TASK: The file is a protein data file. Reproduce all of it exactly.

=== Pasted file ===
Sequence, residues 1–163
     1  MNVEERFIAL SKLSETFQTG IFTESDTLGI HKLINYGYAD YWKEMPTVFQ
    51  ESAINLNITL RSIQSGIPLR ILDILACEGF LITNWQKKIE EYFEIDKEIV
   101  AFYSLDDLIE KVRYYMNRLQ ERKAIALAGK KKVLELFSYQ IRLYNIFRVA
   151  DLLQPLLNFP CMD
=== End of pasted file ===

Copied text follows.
Sequence, residues 1–163
     1  MNVEERFIAL SKLSETFQTG IFTESDTLGI HKLINYGYAD YWKEMPTVFQ
    51  ESAINLNITL RSIQSGIPLR ILDILACEGF LITNWQKKIE EYFEIDKEIV
   101  AFYSLDDLIE KVRYYMNRLQ ERKAIALAGK KKVLELFSYQ IRLYNIFRVA
   151  DLLQPLLNFP CMD